One-liner: Read it. 3.5 stars
I came into this with super high expectations. Things I'd heard people say: "I make everyone on my team read this." or "Every developer should start with this book". So, I thought, "sweet, a great 'back to basics' book... I can't wait!". I read through this book with a host of colleagues all with quite different experience levels and in different areas of expertise.
It was the best of times. It was the worst of times.
Well... maybe not the wo ...more
"Conquer Complexity". High quality code manages complexity. No one can think of all of the levels of abstraction needed to fully understand a program at once; just admit it and try to make your code less complex. Complexity can be managed at every level of the ...more
This second edition is from 2004, and although obviously some of its content may seem a little dated, most of it still holds up well in 2015. Given that context, I find it difficult to find fault with most of the book. Much of the advice given is good advice, and as a programmer, you should adopt and i ...more
После повторного прочтения данной книги окончательно убеждаюсь в том, что данная книга должны быть прочитана, как минимум раз, каждым развивающимся разработчиком, менеджером связанным с разработкой, и тем, кто так или иначе связан с областью разработки.
Мое мнение может быть предвзятым, так как на момент написания - это единственная книга по разработке, которую я прочитал, но могу сказать, что автору удалось пролить свет на разработку как таковую, и мне, как начинающему разработчику она очень пом...more
The book is filled with nuggets of wisdom. Some of my favorite quotes, some from McConnell, some ...more
I mean, it doesn’t even feel like a proper programming book - it’s written in some “Easy way to quit smoking for dummies” style. Every idea is explained verbosely, then illustrated with some numeric stats, then with a 3D chart, then with some real-life anecdote, then with a reference to a 1973 paper, and finally reiterated in a ...more
The second half of the book is pretty much a catalog of refactoring techniques. It's definitely geared towards the aforementioned audiences.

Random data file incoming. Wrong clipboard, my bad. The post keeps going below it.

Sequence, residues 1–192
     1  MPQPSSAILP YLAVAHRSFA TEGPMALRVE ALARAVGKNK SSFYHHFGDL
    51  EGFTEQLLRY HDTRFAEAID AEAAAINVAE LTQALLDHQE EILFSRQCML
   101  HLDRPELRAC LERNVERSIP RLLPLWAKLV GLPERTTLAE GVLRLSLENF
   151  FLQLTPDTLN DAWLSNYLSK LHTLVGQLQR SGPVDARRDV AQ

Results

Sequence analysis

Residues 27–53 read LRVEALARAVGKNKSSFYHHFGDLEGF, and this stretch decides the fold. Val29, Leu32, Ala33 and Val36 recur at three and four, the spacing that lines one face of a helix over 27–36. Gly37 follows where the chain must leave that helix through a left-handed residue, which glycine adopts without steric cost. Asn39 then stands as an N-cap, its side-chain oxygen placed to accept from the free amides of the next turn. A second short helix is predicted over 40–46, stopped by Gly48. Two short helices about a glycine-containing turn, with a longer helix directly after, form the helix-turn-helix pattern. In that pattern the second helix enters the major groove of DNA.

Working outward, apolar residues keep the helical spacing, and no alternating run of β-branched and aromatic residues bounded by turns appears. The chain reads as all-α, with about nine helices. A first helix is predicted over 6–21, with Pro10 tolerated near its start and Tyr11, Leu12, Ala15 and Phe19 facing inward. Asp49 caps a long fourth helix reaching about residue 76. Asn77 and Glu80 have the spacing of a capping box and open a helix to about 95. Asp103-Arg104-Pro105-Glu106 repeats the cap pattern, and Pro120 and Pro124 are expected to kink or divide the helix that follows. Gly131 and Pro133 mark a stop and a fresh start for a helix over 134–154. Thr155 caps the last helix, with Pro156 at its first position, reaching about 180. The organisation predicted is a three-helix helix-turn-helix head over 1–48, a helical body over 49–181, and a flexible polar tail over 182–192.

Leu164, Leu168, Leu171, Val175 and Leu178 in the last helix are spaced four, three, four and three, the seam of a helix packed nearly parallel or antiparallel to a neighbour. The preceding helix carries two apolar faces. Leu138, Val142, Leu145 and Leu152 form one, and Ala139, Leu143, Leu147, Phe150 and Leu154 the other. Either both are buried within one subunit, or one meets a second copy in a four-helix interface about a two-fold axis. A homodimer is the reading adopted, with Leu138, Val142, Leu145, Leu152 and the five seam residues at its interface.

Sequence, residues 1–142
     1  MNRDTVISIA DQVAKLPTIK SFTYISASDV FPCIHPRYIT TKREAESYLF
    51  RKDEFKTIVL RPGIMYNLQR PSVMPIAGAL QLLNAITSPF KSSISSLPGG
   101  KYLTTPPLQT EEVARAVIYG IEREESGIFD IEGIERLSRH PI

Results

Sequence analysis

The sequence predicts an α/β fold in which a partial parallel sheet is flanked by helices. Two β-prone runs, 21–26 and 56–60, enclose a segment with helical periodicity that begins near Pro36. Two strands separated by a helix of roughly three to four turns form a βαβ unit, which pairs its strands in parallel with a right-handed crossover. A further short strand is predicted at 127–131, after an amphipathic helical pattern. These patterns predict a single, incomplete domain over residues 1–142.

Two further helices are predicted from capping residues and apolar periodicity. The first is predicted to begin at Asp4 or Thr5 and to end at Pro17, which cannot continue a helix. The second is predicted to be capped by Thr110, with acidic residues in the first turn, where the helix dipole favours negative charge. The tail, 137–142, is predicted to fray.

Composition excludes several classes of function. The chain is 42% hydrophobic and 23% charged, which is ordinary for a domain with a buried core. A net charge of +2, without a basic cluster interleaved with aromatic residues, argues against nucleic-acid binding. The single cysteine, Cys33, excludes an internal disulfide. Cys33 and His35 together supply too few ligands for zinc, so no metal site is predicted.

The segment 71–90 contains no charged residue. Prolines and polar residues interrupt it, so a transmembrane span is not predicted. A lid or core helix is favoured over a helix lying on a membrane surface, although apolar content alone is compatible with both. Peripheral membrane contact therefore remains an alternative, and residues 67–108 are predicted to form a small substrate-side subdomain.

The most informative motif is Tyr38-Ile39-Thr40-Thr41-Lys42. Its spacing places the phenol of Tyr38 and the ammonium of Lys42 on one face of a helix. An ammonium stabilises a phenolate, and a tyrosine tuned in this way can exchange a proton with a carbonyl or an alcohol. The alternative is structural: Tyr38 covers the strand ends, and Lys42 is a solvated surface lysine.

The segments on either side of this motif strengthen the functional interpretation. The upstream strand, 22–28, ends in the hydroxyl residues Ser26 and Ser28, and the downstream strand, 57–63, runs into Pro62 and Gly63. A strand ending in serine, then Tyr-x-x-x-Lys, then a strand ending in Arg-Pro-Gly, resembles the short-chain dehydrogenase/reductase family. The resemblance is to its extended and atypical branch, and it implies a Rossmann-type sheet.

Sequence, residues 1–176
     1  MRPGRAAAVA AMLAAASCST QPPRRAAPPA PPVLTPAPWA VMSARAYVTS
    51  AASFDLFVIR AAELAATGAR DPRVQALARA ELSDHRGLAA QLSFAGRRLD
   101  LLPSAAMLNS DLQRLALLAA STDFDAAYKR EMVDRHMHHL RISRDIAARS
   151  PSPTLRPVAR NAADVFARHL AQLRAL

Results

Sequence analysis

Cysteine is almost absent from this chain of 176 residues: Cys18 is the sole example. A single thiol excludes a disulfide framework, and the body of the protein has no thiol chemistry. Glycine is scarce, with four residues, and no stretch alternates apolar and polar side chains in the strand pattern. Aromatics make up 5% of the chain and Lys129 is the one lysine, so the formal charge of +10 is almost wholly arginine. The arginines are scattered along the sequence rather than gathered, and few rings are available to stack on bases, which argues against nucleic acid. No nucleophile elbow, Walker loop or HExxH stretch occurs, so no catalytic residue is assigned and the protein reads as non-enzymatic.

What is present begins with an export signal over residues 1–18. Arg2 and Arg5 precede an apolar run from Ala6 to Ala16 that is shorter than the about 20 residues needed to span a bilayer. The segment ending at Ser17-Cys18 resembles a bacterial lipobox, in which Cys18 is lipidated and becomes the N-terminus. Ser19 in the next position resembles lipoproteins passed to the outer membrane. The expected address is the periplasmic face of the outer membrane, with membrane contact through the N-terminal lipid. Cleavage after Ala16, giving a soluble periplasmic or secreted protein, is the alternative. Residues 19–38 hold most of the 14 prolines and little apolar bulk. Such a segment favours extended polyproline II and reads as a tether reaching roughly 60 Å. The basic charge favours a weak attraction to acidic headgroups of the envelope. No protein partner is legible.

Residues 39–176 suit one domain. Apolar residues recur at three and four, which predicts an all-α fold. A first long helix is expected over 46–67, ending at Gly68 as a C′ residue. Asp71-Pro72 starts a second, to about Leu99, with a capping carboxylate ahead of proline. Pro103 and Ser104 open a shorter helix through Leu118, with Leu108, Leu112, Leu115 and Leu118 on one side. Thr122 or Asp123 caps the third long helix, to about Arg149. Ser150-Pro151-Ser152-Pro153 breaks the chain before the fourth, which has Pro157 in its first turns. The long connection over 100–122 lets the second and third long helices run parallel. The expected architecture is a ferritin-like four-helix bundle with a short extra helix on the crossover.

McConnell covers a few other topics, related to design, teamwork, testing, and configuration management, but doesn't go into dept ...more
After spending some time in the industry and facing with harsh realities of software development, I decided to give it a try again. This time I gained much more insight than my first reading. Because now I had a chance to refle ...more
Don't get me wrong, it's hard to find fault with the content itself - all of it is excellent advice, ...more
I bought the first edition, read about 400-500 pages and then the book was lost in a move. A few years later I got the second edition and read it again from the beginning and probably got to something like page 700. I then moved overseas and once again the book didn't make it across the ocean. Therefore, I have to include a small disclaimer that I didn't read the whole book. It is close to 1000 pages.
I don't remember any useless or impractical chapter. The book ...more
So, I finished the other book (Mythical Man Month ...more
The book tackle ...more
The only problem I have with the book is the formatting. It's a nightmare of little quotes, references and key point icons (with a picture of a key - thanks...) cluttering up each page ...more
The new version, Code Complete Second Edition includes content about newer programming techniques, includ ...more
For a recent grad, I think this book will be filled with lots of information that can help the new grad avoid the gotchas that had to be learned the hard way by other people.
I think Steve McConnell takes a fairly pragmatic approach in this book, in that he's for the most part ...more
going to confuse you if you come from a different environment. For example, it took me a while to realize that the term "magic number" was used for hard-coded constants; in Unix, the magic number is used to identify file type as described in /etc/magic. Similarly, the author did not like the indentation standard use by Gnu. There was something he did not like about Kernighan and Ritchie either Overall, I still think it was a decent boo ...more
The author has a lot of experience building big software projects. He has some interesting insights about how the size and quality requirements influence the building process.
I also liked that he quotes results of existing studies and that he gives a lot of references to books and other material if you want to go deeper into a subject.
Only a five chapters in, I can see it's already improving not only my programming skills, but also with how to correctly deal with clients and bosses in order to minimize risk and increase productivity.
More thoughts on it will be posted later.
Many advises are advocated using statistics not only personal feeling
The author tries to take the best from each method avoiding religious commitment to one church
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